It’s a sad realization for me that while I lose patients on a somewhat regular basis due to old age and sickness, I also lose clients to the same causes. Veterinarians I think are more accustomed to patient, not client, loss. After all, our profession has the benefit of euthanasia to end suffering of our sick pets. Losing a patient a few times a month, while sad, is standard business. But losing clients to death as well? This was a topic not mentioned at vet school.


Perhaps large animal vets are slightly more exposed to this type of raw loss than small animal vets. We farm vets are regularly on our clients' land, in their barns, and having coffee in their kitchens. We know their families, what cars and trucks they drive, and have a general sense of how they live. For this reason, we get attached to many of our long-standing clients. They become, if not friends, close acquaintances. All of this makes it harder to deal with the loss of such a client.


A few years ago, my clinic seemed to have a spike in client loss due to death, or perhaps it just seemed that way to me. My boss informed me of a few clients who were sick and we both watched a longtime client battle bravely through breast cancer until we found out from a neighboring dairyman that she had finally died. A middle-aged woman known for her love of horses with two older children who were tending to her equine collection with stoic determination, this woman left behind not only a kind family but a beautiful barn that sits on a main road where I frequently drive. This barn sits quiet now, empty, and I am reminded of her every time I pass it.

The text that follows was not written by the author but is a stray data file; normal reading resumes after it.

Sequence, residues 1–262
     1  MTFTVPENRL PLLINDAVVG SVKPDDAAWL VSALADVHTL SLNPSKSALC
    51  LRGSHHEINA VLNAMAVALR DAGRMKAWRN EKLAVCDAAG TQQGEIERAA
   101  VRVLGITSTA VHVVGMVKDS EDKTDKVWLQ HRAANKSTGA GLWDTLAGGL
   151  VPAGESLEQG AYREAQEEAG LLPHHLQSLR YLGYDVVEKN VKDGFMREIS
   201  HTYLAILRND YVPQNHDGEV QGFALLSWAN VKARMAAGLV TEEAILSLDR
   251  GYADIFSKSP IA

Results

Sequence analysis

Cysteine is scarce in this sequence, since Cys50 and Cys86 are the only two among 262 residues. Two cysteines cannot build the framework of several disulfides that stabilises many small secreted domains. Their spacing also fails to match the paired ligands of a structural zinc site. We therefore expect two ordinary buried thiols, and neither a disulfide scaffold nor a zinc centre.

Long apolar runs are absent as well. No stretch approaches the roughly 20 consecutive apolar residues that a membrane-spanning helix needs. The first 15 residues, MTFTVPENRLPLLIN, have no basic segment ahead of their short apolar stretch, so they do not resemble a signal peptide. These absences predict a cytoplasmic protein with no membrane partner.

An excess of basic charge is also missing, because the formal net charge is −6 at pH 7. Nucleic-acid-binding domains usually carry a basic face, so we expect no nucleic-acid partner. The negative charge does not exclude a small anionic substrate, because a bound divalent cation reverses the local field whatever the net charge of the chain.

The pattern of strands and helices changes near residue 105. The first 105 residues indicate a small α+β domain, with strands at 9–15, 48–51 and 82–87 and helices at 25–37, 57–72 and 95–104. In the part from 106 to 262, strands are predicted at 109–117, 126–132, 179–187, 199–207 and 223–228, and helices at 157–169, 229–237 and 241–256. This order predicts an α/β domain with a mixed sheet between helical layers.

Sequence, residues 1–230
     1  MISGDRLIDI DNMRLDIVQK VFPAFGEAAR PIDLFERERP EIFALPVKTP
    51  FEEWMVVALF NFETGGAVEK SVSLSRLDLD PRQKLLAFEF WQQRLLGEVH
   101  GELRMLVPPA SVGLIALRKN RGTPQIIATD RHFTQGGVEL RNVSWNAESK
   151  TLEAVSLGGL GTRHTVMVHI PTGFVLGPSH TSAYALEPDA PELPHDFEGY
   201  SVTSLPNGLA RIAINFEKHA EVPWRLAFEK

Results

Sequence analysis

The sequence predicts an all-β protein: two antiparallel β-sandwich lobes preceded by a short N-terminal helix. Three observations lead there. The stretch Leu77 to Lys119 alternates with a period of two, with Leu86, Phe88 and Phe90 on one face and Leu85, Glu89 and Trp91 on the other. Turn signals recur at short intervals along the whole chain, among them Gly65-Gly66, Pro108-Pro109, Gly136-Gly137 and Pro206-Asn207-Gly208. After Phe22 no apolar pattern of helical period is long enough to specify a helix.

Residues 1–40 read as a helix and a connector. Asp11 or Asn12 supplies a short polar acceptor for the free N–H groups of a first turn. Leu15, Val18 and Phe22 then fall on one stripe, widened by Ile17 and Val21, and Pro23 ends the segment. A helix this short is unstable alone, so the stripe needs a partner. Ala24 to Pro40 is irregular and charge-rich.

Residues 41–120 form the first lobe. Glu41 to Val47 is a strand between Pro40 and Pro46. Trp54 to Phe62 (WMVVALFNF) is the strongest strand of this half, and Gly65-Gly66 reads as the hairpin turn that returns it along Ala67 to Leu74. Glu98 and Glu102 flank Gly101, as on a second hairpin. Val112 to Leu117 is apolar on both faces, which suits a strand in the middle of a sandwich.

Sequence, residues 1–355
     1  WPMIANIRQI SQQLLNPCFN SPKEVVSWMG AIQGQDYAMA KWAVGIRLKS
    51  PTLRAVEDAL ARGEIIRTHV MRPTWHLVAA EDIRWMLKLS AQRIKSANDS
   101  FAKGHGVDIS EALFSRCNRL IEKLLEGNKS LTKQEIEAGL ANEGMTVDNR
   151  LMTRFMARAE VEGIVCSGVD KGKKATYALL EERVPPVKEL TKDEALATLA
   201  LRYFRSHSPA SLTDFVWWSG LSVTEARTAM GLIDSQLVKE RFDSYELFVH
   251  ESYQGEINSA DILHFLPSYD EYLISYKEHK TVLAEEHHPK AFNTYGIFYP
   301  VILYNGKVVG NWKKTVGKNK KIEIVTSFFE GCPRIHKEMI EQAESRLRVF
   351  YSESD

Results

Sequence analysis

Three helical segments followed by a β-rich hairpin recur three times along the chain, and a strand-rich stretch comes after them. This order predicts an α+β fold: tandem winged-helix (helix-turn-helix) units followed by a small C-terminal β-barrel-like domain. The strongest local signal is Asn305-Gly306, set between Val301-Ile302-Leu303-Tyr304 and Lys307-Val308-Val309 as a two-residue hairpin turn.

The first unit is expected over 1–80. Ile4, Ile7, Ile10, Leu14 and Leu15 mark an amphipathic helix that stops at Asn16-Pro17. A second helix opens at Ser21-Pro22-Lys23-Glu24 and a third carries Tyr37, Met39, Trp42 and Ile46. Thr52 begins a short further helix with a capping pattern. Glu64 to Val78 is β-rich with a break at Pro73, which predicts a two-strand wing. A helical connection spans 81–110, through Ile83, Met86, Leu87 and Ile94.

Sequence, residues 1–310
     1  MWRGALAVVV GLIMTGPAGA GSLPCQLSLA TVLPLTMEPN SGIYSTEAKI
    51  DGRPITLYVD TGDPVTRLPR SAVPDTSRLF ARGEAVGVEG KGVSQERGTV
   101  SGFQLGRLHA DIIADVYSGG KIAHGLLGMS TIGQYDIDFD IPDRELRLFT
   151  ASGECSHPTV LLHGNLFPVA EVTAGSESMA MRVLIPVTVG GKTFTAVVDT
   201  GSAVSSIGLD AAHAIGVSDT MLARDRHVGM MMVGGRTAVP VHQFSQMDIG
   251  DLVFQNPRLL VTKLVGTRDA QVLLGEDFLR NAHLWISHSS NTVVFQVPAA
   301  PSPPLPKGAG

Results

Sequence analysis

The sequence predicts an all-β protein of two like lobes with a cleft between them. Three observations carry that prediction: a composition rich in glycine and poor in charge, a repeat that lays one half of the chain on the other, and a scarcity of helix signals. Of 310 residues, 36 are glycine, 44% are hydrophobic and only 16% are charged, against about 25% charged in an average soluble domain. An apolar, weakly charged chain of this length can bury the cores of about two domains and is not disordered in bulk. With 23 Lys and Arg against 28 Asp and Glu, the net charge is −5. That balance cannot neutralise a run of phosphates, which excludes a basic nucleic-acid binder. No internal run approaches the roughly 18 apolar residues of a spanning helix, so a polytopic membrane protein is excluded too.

A few weeks ago, flipping through one of the many horse magazines that come in the mail, I noticed an ad for Ride for the Cure. I know many breast cancer charities have walks and runs to raise awareness and money, but this was the first time I had heard of a horseback ride for the same cause. But as I started to think about it, why not? Just as sponsored 5K runs and marathons are a great way to get people out, be active, and do something they enjoy in the name of charity, a horseback ride could easily achieve the same thing.


Upon further research, I quickly discovered more organized horseback rides that are occurring for charity. Interestingly, many are held in the U.K. and are sometimes referred to as “riding challenges.” On this side of the pond, there is the occasional intrepid rider who decides to simply take things into his or her own hands, like the Texan in 2011 who rode 1,500 miles from Dallas to New York to raise money for the fight against childhood cancer.


I tore out the ad for the Ride for the Cure in my area and will keep it in my files. I don’t currently have my own horse and rarely actually get into the saddle of someone else’s, but in the future that will change. And when it does, I’d like to try a charity ride, for if nothing else, to honor my lost clients.


Dr. Anna O'Brien


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